Prior to Halcyon's arrival, two general rebreather operating systems were marketed in various configurations: fully closed circuit rebreathers (CCR) and active addition semi-closed circuit rebreathers (SCR). CCR devices utilize complex electronics to blend mixtures of oxygen with other gasses, such as Nitrogen or Helium. CCR units are more appropriate for high-risk military applications, where elaborate support teams, constant training, and expensive maintenance reduced the operational risk. SCR devices extend the capacity of a pre-mixed breathing gas, by stripping out exhaled carbon dioxide, and reusing the remaining exhalation. The most popular SCR design can create significant variations in breathing supply oxygen levels, introducing a notable risk of hypoxia. In these units, variations in oxygen content essentially eliminate decompression advantages associated with breathing gases, such as Nitrox. The Halcyon rebreather supplies breathing gas as required by the diver’s respiratory rate, providing less oxygen variation, and better predictability. Gas replenishment is mechanically triggered by the diver’s breathing cycle. Full advantage of advanced breathing gases is maximized by the significant reduction in oxygen variation over all other designs. The Halcyon "on demand" gas delivery system avoids the inherent limitations of CCR, while providing significant performance advantages over all other SCR platforms. The patented Halcyon technology significantly reduces oxygen content variations over a wide range of diver activity levels, when compared to typical SCR units (constant mass flow injection systems). Moreover, this on demand feature is coupled with a naturally intuitive "alarm" feature, that provides the diver with an immediate and obvious indication that supply gasses are depleted, or that rebreather function is somehow compromised.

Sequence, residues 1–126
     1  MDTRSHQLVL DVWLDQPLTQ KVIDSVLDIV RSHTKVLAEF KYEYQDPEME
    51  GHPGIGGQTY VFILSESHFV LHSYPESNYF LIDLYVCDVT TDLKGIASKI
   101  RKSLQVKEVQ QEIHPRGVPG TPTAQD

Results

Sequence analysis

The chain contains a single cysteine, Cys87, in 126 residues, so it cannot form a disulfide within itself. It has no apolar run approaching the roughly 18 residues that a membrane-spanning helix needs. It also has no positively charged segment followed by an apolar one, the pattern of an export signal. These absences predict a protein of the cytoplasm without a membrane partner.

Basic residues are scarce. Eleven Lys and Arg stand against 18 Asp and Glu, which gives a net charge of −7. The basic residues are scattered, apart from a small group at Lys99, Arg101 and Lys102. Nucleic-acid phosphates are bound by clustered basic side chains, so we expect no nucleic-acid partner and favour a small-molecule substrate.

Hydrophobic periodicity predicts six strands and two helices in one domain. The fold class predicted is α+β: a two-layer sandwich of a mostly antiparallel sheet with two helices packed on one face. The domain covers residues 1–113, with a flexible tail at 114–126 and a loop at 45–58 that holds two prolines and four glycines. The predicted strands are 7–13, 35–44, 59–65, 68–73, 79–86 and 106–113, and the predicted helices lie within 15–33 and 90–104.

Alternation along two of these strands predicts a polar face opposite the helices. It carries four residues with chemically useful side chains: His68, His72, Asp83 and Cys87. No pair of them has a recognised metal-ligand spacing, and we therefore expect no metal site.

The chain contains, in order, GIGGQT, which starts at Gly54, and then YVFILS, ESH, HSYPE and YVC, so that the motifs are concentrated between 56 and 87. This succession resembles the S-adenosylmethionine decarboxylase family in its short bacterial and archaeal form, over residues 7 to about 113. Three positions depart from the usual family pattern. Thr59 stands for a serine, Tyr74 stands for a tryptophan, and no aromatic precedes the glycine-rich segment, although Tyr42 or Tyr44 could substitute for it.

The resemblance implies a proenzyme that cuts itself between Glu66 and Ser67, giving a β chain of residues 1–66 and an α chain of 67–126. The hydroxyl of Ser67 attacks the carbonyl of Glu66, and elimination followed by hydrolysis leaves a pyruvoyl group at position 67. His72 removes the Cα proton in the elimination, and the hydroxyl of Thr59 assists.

Halcyon's patented respiratory-coupled "resistive alarm" gives the Halcyon system a true margin of safety. Gas discharge is directly replenished when the diver inhales, as addition valves are actuated by the movement of the rebreather counterlung. Other SCR (CMFI) units can fail without offering any sense of danger to the diver. By contrast, Halcyon's operation creates an intuitive and obvious indication of a spent breathing supply. In the event that a diver’s breathing supply is depleted, the individual receives a continually smaller dose of fresh breathing gas until the breathing supply is entirely consumed. This "alarm" feature signals the diver to simply switch to the open circuit backup system, which is integrated into the rebreather mouthpiece.